CMA, UK, Fines Meta Second Time in Six Months

Meta has been fined £1.5 Million, by CMA, for breaching the Initial Enforcement Order (IEO) again , for not informing CMA about the resignation of 3 key employees and the reallocation of their roles, which Meta was required under the IEO. Meta was fined first time, for £50 Million, for breach of IEO in October, after it significantly limited the scope of compliance reports.

IEOs are issued by CMA, UK, at the start of the investigation into a completed merger, to ensure the companies involved in the merger continue to compete with each other as they would have before the deal took place.

State Funded Madrassa can’t Impart Religious Instructions: Gauhati HC

The enactment of the Assam Repealing Act, 2020, which repealed Assam Madrassa Education (Provincialization) Act, 1995 and the Assam Madrassa Education (Provincialization of Services of Employees and Re-Organisation of Madrassa Educational Institutions) Act, 2018, by the Assam Government was upheld by Gauhati HC in a writ petition challenging its validity.

The HC held that madrasas ceased to be minority institutions once they were provincialised, and stated “The Madrasas in question, which are “wholly maintained out of State funds”, cannot impart religious instructions in terms of the mandate of Article 28(1) of the Constitution of India.”

Pharma Companies fined £35 Million by CMA

Competitions and Markets Authority (‘CMA’) has imposed a combined fine of £35 million on 5 pharmaceutical companies, for limiting the supply of ‘Prochlorperazine’, an anti-nausea drug, used by the National Health Service (NHS). According to CMA, under the arrangement only one company was appointed as the distributor of the drug by the manufacturer of the drug and others were paid a share from its profit. Due to this arrangement, the price of Prochlorperazine surged from £6.49 to £51.68 per pack of 50 tablets between 2013 and 2017.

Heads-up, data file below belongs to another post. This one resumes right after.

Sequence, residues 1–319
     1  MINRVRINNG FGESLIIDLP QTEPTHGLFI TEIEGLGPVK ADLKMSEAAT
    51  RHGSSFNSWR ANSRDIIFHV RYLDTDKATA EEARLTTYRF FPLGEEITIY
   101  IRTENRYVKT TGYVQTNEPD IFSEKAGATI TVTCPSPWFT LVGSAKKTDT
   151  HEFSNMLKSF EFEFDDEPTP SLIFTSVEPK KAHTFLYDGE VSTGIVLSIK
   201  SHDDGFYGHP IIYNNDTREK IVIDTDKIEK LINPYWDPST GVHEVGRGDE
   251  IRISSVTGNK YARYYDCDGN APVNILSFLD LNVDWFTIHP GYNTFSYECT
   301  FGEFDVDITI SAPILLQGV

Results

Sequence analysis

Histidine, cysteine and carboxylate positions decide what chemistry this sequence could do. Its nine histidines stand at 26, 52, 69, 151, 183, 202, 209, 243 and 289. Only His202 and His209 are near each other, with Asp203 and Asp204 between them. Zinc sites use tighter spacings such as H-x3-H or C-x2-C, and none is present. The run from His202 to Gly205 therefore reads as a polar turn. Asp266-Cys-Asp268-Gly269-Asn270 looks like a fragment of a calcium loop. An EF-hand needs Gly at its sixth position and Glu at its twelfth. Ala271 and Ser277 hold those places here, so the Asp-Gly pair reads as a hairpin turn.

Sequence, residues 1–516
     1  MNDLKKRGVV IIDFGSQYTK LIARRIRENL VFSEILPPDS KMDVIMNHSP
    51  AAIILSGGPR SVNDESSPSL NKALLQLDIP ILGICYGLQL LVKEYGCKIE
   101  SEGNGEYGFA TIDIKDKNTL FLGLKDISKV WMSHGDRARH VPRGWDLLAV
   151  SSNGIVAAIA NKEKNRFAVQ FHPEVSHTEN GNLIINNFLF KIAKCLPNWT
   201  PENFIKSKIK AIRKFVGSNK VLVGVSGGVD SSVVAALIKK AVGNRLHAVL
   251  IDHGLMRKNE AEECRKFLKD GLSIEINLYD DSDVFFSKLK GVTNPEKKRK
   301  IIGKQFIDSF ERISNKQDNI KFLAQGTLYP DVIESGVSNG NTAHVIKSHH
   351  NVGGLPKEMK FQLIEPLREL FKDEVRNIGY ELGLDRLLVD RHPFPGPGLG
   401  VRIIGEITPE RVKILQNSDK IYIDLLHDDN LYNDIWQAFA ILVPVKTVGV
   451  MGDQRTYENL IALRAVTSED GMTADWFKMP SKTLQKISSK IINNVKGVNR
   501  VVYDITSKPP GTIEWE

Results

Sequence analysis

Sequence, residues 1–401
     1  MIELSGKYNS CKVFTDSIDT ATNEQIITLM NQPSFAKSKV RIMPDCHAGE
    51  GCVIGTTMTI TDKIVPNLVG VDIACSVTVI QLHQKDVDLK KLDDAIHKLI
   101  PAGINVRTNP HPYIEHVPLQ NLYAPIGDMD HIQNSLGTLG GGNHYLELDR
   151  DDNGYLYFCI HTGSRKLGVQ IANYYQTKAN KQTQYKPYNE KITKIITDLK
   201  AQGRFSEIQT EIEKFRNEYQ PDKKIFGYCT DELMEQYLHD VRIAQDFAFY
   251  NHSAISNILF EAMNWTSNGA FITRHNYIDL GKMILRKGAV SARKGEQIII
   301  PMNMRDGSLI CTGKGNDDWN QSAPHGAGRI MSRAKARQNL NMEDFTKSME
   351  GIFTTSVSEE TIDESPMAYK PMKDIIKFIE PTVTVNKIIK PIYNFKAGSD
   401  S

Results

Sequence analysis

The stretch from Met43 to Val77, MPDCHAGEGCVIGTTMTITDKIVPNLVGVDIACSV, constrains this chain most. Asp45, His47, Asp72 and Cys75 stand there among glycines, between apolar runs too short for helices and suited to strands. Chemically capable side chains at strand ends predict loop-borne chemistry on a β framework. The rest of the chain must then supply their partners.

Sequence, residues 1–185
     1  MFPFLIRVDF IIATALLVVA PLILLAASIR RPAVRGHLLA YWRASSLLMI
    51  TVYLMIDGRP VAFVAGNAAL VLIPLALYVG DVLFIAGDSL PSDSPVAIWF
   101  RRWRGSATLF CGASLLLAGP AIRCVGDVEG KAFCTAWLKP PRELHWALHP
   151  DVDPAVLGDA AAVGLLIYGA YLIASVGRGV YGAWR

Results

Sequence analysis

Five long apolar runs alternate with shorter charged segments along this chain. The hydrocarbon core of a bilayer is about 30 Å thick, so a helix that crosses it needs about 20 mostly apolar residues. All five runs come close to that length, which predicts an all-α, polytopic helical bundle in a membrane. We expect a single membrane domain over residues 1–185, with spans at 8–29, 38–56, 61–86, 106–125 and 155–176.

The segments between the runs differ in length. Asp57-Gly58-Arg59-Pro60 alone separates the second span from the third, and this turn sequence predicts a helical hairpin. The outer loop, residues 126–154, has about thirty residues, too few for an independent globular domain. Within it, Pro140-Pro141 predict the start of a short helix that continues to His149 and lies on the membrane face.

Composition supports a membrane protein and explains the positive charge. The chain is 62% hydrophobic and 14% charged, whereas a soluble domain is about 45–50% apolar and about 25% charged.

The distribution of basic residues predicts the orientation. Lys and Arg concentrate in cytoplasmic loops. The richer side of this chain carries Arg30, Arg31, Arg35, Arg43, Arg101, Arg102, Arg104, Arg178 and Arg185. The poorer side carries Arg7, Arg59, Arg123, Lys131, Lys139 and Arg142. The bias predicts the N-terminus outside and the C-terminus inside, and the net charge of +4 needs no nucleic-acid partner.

SC Upholds Rs. 1788 Crores Penalty by CCI on Tyre Manufacturers

The SC dismissed the SLP, filed by 5 tyre manufactures, against Rs. 1788 Crores penalty order of CCI, kept in sealed cover till now.

The CCI had penalised the 5 tyre manufacturers and Automotive Tyre Manufacturers Association (‘ATMA’) for cartelisation by acting in concert to increase the prices of cross ply/bias tyres variants sold by each of them in the replacement market and to limit and control production and supply in the said market.

The proposed US Antitrust Law, Open App Market Bill, gets a massive 84% nod from App Developers: CAF Poll

A poll done by Coalition for App Fairness (‘CAF’), showed 84% support for the proposed Open App Market Bill, going to be considered by the Senate Committee on Judiciary – the next step towards becoming law. It comes in the wake of Apple being forced to allow app developers to choose third-party platforms in South Korea and the Netherlands. The proposed law, introduced in last August, will have a still greater impact.

SC Denies Compensation for Misrepresentation in Goods & Services under MRTPC Act, 1969.

The gaps between MRTPC Act,1969 before its repeal in 2009, continue to come to the fore in different matters. An appellant’s claim, for Unfair Trade Practice because of misrepresentation in delay of handing over the possession of the apartment and levying arbitrary extra charges was not allowed.“Section 12-B of MRTP Act empowers the Commission to grant compensation only when any loss or damage is caused to a consumer as a result of a monopolistic, restrictive or unfair trade practice.”, said SC.

At the time of repeal, the Ministry of Consumer Affairs was conscious that the part relating to competition was rightly included to Competition Act, 2002, but the domain relating to ‘unfair trade practices’ was left uncovered. Whether the Government is besieged of the matter and attempting to plug these gaps or the situation remains the same as it was in 2009 is not yet known.

EU Court throws out a 1.2 $ billion Antitrust fine against Intel.

The General Court of EU annulled a much-hyped, $1.2 billion fine of EC against Intel. This was a matter, wherein in 2009, Intel was accused of Abuse of Dominance because of loyalty rebates to PC makers for squeezing out its rival, Advanced Micro Devices Inc (AMD). Commenting on the analysis by the EC, the EU Court observed, “The Commission’s analysis is incomplete and does not make it possible to establish to the requisite legal standard that the rebates at issue were capable of having, or likely to have, anticompetitive effects.”